One of the first obvious problems after you have yoru components set up is actually getting data to show. These days people seem to most often jump to the flux pattern and it’s cohorts redux and vuex, I prefer to first start with the conceptually simpler POJOs that perform AJAX requests. These POJOs can also be made Vue instances relatively simply if you want them to be able to make use of more features that Vue itself offers.

I’d love to use more principled data management libraries like Ember Data or Backbone here, but they just don’t strike me as easy to integrate with anything other than their intended usecases. They aren’t general data-management tools, they’re more like very specific to their intended usecase (if I’m wrong about this I’d love to know, please reach out).

Either way here’s a basic example of a service, with the class syntax sugar of ES6 (implemented by Typescript, which you should be using):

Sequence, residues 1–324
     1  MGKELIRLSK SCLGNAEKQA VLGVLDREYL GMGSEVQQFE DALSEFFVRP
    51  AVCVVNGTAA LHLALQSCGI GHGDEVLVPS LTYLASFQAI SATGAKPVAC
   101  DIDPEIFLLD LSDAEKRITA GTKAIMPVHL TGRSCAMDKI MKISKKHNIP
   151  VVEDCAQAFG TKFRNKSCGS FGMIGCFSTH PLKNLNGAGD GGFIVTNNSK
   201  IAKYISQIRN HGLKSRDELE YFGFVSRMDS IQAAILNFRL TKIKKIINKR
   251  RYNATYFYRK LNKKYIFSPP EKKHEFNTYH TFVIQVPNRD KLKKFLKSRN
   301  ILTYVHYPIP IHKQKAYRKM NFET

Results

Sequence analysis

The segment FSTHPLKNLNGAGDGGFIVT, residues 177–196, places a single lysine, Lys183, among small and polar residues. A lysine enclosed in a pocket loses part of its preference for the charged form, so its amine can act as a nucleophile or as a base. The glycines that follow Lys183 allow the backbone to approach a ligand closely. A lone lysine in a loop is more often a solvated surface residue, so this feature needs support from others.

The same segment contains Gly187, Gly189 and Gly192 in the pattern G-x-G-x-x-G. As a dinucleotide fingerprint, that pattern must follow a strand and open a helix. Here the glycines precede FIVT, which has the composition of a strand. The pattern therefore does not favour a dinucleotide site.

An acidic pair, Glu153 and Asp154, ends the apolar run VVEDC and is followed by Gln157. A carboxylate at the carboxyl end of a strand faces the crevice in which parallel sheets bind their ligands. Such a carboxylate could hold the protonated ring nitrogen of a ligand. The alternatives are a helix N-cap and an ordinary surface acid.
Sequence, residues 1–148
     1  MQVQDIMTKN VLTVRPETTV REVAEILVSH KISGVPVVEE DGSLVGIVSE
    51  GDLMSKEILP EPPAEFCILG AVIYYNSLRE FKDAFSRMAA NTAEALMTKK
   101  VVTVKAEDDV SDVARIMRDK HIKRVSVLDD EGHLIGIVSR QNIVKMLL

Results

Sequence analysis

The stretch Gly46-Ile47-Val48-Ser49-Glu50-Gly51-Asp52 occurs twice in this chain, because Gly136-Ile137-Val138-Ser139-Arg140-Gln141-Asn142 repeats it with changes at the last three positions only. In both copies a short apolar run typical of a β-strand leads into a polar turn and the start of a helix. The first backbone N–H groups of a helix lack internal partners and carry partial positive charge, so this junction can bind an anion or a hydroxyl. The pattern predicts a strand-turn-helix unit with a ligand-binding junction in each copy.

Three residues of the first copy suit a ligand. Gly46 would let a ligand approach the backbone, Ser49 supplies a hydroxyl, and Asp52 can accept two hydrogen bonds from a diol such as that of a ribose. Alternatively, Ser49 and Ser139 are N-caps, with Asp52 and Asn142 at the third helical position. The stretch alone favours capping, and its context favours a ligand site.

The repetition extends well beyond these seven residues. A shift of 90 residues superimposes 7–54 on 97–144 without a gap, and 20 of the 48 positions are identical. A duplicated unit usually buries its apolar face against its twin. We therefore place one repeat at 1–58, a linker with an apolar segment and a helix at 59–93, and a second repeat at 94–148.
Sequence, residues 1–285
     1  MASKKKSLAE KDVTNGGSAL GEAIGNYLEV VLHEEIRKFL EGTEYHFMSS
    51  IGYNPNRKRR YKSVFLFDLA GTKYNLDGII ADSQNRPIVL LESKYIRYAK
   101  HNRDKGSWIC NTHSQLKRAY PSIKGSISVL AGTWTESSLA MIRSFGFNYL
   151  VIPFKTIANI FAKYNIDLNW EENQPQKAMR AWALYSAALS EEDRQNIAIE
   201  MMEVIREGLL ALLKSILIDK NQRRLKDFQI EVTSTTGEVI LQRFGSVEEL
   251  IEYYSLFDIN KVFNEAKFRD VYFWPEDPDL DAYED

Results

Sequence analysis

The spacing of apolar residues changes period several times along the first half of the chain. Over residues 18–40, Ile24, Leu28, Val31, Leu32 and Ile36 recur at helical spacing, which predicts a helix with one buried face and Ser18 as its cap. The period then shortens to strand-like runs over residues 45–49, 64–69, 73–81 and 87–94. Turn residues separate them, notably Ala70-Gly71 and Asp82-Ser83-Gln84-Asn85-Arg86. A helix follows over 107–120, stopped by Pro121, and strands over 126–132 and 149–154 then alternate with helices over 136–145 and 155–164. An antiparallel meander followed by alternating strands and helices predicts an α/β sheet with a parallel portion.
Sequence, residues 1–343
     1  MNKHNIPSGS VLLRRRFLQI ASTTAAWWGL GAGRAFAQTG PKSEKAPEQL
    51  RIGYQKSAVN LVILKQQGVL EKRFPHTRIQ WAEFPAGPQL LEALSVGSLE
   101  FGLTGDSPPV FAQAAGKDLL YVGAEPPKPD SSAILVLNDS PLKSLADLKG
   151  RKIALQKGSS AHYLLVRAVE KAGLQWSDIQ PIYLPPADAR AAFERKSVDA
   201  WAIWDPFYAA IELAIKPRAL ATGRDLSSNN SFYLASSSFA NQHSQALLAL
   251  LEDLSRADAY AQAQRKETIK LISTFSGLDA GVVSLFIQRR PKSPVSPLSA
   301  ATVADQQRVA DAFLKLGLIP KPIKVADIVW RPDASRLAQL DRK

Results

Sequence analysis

class UserService {
    // Get a user
    getUsers(): Promise<User[]> {
        // ... actual code that probably uses fetch/axios

    // Add a user
    addUser(u: User): Promise<User> {
        // ... actual code that probably uses fetch/axios

export UserService;

As mentioned I recently have been kicking the tires/finding more places to use axios/axios in my projects – I personally like the slight edge of ergonomics it often provides over using raw github/fetch. As far as the actual component goes, things don’t change very much if you decide to use a Vue instance, which is what I very often (so I can take advantage of Vue’s observables and other features). Here’s an excerpt from some code I’ve written relatively recently:

const UserService = new Vue({
    data: function() {
        const state = {};

        try {
            state = JSON.parse(StateService.getKVState(LS_USER_SERVICE_STATE));
        } finally {
            state = _.merge(DEFAULT_STATE, state);

        return {
            router: null,

    created: function() {

    computed: {
        currentUserEmail: function() { return this.currentUser ? this.currentUser.email : ""; },
        currentUserId: function() { return this.currentUser ? this.currentUser.id : ""; },
        isAdmin: function() { return this.currentUser ? this.currentUser.role === Constants.ROLES.ADMINISTRATOR : false; },